Huston Street visits Dr. James Andrews

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huston street headshot rockies.jpgJust don’t call it a setback. According to what Rockies general manager Dan O’Dowd told Troy E. Renck of the Denver Post, Huston Street was simply seeking a second opinion on his nagging right shoulder.

“Everything looked great. I was told they
didn’t see any issues at all, so we are going to keep doing the same
thing with him,” O’Dowd said after the Rockies’ 5-3 opening day win over
Milwaukee. “He wanted a second opinion and everything came
back good.”

Street has already suffered multiple setbacks due to inflammation on his right shoulder this spring. According to Renck, Street plans to push ahead with his current program of strengthening the shoulder. He’ll have to progress to playing catch and throwing bullpen sessions before he embarks on a minor league rehab assignment. Given his previous setbacks, we shouldn’t count on him jumping these hurdles before the start of May.

In the interim, Franklin Morales will continue to serve as closer. Not surprisingly, the young left-hander was shaky in his first save opportunity against the Brewers on Monday, hitting Rickie Weeks and throwing a wild pitch, however he was eventually able to shut the door. He’ll make things interesting over the next few weeks, but Morales has the powerful stuff to dominate.
   

MLB, union resume blood testing after pandemic, lockout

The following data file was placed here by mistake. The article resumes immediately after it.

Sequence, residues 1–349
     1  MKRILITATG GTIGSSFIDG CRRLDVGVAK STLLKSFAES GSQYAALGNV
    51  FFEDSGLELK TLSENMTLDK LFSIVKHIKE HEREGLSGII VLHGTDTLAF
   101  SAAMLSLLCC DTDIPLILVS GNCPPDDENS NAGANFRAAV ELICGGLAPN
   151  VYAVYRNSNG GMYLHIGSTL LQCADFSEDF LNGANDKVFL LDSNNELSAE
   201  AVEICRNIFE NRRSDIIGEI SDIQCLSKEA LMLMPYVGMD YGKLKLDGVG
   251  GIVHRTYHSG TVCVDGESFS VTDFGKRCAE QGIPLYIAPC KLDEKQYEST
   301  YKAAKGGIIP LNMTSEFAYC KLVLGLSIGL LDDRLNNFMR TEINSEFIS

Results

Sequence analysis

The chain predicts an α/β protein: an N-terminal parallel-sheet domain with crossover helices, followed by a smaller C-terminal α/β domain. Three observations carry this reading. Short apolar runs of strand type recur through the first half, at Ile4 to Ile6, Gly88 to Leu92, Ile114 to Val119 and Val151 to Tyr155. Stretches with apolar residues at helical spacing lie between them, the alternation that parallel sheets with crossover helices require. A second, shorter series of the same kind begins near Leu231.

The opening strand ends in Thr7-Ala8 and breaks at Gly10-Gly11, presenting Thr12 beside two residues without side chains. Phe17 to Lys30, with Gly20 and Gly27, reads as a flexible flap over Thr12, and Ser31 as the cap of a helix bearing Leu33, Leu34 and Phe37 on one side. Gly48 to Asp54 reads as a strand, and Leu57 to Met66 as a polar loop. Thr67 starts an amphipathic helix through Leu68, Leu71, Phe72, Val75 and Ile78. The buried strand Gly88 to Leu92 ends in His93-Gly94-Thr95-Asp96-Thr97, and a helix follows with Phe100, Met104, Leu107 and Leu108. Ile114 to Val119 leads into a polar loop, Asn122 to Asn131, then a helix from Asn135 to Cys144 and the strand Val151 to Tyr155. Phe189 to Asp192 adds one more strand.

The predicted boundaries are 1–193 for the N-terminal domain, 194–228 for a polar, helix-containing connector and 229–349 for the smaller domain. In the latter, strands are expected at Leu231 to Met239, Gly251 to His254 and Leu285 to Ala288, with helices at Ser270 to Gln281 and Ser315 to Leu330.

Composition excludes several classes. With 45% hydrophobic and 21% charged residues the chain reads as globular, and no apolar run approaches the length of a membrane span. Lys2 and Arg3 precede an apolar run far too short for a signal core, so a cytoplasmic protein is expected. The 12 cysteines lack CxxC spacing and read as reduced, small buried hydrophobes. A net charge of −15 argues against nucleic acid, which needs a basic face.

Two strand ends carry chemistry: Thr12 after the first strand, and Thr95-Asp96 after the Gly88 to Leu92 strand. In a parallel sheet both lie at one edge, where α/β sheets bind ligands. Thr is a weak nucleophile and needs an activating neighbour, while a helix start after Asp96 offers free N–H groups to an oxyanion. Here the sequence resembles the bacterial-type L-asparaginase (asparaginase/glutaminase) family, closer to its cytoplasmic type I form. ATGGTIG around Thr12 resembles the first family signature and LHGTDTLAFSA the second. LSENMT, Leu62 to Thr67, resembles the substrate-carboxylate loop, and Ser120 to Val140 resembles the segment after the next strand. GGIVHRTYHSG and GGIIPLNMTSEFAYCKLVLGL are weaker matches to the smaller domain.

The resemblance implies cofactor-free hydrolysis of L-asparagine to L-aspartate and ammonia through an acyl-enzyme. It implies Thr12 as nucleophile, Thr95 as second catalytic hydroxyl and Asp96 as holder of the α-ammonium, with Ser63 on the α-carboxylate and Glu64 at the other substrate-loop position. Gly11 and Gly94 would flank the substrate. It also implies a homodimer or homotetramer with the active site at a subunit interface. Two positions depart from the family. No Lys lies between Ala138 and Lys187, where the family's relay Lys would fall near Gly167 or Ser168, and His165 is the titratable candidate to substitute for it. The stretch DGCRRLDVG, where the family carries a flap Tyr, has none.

Scott Taetsch-USA TODAY Sports
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NEW YORK – In the first acknowledgment that MLB and the players’ association resumed blood testing for human growth hormone, the organizations said none of the 1,027 samples taken during the 2022 season tested positive.

HGH testing stopped in 2021 because of the COVID-19 pandemic. Testing also was halted during the 99-day lockout that ended in mid-March, and there were supply chain issues due to COVID-19 and additional caution in testing due to coronavirus protocols.

The annual public report is issued by Thomas M. Martin, independent program administrator of MLB’s joint drug prevention and treatment program. In an announcement accompanying Thursday’s report, MLB and the union said test processing is moving form the INRS Laboratory in Quebec, Canada, to the UCLA Laboratory in California.

MLB tests for HGH using dried blood spot testing, which was a change that was agreed to during bargaining last winter. There were far fewer samples taken in 2022 compared to 2019, when there were 2,287 samples were collected – none positive.

Beyond HGH testing, 9,011 urine samples were collected in the year ending with the 2022 World Series, up from 8,436 in the previous year but down from 9,332 in 2019. And therapeutic use exemptions for attention deficit hyperactivity disorder dropped for the ninth straight year, with just 72 exemptions in 2022.

Overall, the league issued six suspensions in 2022 for performance-enhancing substances: three for Boldenone (outfielder/first baseman Danny Santana, pitcher Richard Rodriguez and infielder Jose Rondon, all free agents, for 80 games apiece); one each for Clomiphene (Milwaukee catcher Pedro Severino for 80 games), Clostebol (San Diego shortstop Fernando Tatis Jr. for 80 games) and Stanozolol (Milwaukee pitcher J.C. Mejia for 80 games).

There was an additional positive test for the banned stimulant Clobenzorex. A first positive test for a banned stimulant results in follow-up testing with no suspension.